Greek-American Stories: Many Happy Returns to Areti

The guys were gathered around the table in Dixon’s with their usual coffee and donuts in the center when George informed them that Areti’s birthday was coming up. “Wonder how Yiannis will get away with getting her nothing, again,” his face in a frown.

“Yeah!” Dimos lifted his head in recollection. “Last year he came to the diner and ordered a cake from the display counter. That way he didn’t have to buy one from a bakery. I remember at her birthday, watching him. He ate most of it.” George laughing said, “I remember he told his daughter, Barbara, to get her mother the slippers she asked him to get for her. Areti thanked him for remembering that that was what she wanted.”

John, not finding the humor in it, told them, “that’s not so bad! Last year, Yiannis came into the florist and selected a bouquet of flowers, saying they’re for Areti. He put together the most expensive flowers and asked me to wrap it in the paper I use for special occasions.” Kipreos, smiling, said, “How nice of him! I bet Areti was very pleased.” John, still not amused, said, “he admired them and then said, ‘Ah, John, you always do a nice job. Areti will be so happy to receive these; especially, when she hears they’re from you.”

They all looked up. “You mean, he didn’t pay for them?” John shook his head, setting down his coffee cup, noisily. “Pay for them! He wanted me to have them delivered, too! I had to pay the delivery man his cut and tip, too.” Appalled, they all agreed that Yiannis had crossed the line. “He’s gotten away with too much, I think.” Shaking his head, Dimos said, “at our expense!”  “We’ve got to do something to teach him a good lesson,” George insisted, adding, “if that’s possible!”

Agreeing, their brains went to work trying to think of ways to make Yiannis aware of his stinginess and lack of propriety. Just then Yiannis entered and, getting his coffee, sat down among them. “Greetings, my very good friends.” he said, cheerfully. The others greeted him with less enthusiasm. Sensing a certain lack of sociality, he chose to, instead, reach out for his usual donut and drink his coffee, saying nothing. Then, Kipreos piped up, “isn’t Areti’s birthday coming up soon, Yiannis? I’ll bet that’s something she’s looking forward to, right?” 

Nodding solemnly, Yiannis paused, looking around. “I don’t know! Yesterday, she looked so sad. She said, she’s getting older and it won’t be long before people start forgetting that she exists. She remembers, fondly, last year’s flowers from John. It brought tears to her eyes. You can’t know her joy, John. In her prayers, she always mentions you.” Turning, he told Dimos, “and, the cake from your diner! It’s one of her favorite memories, she always says. The photograph of it is still on her night stand.” He drank his coffee as if savoring bitter herbs. “Yes, she says having such good people in her life made all the difference in the world. But…” They turned to face him. “But, what?” asked Dimos.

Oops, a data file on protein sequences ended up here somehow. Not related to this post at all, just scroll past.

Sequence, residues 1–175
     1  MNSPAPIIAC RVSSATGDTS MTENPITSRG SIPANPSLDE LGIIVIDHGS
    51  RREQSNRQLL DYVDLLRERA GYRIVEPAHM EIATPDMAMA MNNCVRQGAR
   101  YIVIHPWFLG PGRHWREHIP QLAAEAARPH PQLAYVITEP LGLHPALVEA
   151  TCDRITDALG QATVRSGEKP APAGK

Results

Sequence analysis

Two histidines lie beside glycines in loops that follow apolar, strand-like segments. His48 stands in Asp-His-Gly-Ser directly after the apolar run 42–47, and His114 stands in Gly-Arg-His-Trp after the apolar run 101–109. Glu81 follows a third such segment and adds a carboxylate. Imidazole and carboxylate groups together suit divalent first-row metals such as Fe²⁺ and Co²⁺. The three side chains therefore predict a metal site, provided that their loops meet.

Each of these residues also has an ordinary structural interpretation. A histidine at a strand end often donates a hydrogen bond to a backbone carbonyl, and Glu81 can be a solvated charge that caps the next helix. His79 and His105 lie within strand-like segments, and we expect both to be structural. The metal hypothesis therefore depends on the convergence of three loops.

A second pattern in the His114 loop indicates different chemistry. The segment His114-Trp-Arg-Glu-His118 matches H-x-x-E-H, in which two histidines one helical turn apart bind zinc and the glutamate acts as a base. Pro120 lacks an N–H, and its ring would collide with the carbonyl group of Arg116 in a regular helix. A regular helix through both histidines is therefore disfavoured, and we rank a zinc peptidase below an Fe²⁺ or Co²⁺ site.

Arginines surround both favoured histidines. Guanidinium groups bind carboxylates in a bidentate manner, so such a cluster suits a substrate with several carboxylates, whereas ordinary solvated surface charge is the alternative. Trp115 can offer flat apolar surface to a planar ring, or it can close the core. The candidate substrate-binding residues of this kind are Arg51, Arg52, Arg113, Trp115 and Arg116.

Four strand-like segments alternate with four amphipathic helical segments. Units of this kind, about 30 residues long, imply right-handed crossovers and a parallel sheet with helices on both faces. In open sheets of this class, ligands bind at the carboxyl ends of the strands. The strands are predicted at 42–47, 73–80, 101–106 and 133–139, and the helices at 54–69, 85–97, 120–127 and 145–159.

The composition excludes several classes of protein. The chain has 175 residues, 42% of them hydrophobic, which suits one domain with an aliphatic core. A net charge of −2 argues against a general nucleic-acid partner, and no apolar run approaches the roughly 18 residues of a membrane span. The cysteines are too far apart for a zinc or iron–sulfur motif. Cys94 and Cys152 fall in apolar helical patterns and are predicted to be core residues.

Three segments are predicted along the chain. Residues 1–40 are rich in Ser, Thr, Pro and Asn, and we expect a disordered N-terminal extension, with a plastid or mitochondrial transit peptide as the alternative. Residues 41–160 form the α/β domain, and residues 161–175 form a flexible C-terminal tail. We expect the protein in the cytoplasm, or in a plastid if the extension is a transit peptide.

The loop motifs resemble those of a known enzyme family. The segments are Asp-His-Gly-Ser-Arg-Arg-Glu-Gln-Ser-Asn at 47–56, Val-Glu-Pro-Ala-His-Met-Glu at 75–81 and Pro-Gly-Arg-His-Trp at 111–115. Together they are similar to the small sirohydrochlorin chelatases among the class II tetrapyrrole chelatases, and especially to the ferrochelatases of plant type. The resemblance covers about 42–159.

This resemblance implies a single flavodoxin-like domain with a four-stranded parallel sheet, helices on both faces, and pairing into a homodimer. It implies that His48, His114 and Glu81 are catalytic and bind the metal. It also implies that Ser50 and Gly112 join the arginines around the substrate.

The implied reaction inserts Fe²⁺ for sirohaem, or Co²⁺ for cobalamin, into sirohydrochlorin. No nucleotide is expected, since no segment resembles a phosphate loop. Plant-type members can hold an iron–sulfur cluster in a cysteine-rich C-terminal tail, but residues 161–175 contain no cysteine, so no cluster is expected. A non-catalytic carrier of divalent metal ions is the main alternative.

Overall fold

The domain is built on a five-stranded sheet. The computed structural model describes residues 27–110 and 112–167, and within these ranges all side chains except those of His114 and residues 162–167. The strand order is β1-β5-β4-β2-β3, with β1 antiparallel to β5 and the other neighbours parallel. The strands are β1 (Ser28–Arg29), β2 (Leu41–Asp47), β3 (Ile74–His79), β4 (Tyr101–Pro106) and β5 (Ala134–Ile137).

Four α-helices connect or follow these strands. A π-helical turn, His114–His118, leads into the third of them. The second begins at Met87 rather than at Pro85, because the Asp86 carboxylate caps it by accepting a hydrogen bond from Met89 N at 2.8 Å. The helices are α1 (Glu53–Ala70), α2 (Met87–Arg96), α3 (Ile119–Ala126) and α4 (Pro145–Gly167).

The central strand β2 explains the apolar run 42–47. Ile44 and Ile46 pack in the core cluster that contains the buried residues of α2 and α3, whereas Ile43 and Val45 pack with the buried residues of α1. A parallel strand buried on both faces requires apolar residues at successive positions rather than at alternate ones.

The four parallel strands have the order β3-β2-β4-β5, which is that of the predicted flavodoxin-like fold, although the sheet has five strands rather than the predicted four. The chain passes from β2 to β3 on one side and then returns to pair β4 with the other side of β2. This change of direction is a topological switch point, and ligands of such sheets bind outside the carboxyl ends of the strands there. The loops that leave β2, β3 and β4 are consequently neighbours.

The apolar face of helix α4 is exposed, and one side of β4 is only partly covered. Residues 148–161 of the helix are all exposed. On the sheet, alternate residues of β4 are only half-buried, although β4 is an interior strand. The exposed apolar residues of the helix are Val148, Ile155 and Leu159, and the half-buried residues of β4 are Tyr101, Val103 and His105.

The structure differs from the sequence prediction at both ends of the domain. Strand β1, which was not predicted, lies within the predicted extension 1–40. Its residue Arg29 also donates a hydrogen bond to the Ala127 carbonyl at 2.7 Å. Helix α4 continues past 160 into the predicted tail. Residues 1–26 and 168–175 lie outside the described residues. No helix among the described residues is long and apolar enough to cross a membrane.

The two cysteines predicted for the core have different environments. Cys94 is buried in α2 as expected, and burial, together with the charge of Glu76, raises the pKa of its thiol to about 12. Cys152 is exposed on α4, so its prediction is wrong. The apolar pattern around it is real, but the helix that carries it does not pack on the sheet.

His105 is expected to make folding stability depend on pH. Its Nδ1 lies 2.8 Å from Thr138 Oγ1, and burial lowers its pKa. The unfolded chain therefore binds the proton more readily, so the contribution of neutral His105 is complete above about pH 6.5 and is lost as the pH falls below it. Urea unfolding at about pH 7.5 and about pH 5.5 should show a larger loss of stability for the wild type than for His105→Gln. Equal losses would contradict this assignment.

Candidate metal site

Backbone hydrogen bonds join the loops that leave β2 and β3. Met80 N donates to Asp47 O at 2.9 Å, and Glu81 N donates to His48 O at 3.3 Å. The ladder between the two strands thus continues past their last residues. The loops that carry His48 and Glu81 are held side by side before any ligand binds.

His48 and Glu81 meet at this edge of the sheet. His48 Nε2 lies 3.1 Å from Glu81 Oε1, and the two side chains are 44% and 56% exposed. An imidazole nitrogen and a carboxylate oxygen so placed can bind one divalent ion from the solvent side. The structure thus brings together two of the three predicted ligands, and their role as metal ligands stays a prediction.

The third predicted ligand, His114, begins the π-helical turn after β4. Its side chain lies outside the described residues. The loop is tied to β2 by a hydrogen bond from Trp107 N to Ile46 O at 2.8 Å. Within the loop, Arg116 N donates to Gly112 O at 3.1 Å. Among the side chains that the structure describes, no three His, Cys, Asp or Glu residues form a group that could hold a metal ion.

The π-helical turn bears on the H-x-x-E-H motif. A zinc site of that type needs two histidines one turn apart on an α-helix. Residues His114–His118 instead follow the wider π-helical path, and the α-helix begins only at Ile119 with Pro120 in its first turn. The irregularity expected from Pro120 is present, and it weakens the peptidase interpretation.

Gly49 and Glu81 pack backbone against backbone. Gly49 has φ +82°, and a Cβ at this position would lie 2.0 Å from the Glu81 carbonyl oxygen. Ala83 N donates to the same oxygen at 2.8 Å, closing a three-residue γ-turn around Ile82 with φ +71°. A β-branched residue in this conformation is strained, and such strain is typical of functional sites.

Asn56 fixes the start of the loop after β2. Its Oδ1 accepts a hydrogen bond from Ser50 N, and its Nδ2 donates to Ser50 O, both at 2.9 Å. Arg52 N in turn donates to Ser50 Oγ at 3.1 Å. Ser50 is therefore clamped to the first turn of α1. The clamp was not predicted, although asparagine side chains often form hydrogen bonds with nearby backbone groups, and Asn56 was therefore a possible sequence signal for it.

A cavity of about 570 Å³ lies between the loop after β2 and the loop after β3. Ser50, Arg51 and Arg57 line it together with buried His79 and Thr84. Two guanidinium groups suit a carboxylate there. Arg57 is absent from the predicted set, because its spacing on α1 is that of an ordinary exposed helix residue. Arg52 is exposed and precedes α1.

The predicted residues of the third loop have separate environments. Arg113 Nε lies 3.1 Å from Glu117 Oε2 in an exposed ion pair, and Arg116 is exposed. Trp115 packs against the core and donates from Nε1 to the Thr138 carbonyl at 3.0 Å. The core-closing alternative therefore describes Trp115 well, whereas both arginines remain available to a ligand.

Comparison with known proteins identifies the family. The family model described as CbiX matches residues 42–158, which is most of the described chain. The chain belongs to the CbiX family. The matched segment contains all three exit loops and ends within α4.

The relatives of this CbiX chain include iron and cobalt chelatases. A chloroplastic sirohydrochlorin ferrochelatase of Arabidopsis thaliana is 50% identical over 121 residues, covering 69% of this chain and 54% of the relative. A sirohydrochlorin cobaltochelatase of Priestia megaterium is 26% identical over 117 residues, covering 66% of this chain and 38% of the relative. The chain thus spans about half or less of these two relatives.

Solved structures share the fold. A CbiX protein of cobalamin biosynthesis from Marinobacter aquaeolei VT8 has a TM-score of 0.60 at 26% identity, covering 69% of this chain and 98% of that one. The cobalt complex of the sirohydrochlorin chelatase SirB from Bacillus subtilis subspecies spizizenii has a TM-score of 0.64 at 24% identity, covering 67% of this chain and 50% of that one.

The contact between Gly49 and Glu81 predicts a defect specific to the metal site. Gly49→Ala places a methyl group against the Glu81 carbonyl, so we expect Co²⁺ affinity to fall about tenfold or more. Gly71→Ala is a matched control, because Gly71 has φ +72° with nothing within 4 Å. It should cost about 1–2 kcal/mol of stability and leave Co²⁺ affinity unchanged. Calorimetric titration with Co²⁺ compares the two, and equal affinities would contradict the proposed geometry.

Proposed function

Yiannis breathed in a heavy sigh, looking into his coffee cup as if seeing signs of a gloomy forecast. “That was last year, she said. Tears came to her and she said, ‘I wish it would all be that way just once more. But, I know that’s not possible. I know that! I shouldn’t be ungrateful. But, what a stroke of luck if…’ Then, she makes her cross.” Every face reflected solemn expressions. “Is that how she felt?” asked John, deep concern for the unassuming, kindly, patient Areti. “Good friends never forget friends, Yiannis.” Then, Dimos said “we’d never forget so saintly a woman like Areti.”

Yiannis bowed his head and thanked them for their kind words. “Well, I told her. Don’t be so sad, Areti, my dear!’ Like you say, Dimos, ‘good friends never forget friends.’ Her birthday is Saturday. And you know you’re all invited, as usual. Will you all come?” Looking up, each felt pangs of guilt for their previous insensitivity. John patted Yiannis’ shoulder. “She can expect her flowers, as usual.” Dimos told him, “a beautiful cake will be on her table, and we’ll all be there with our wives to wish her a very happy birthday.”

Leaning back, sheer contentment on his face, he finished his coffee, leaving George in awe at Yiannis’ ingeniousness.  


My name is Charles Robbins, the chief correspondent of the Chicago Daily Tribune in Constantinople.

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O oceanic you sing and sail White on your body and yellow on your chimeneas For you're tired of the filthy waters of the harbors You who loved the distant Sporades You who lifted the tallest flags You who sail clear through the most dangerous caves Hail to you who let yourself be charmed by the sirens Hail to you for never having been afraid of the Symplegades (Andreas Empeirikos)   What traveler has not been fascinated by the Greek islands, drawn by the Sirens’ song of a traveler’s dreams? TNH and our video show ‘Mission’ marked the change of the season by transporting viewers into the heart of summer.

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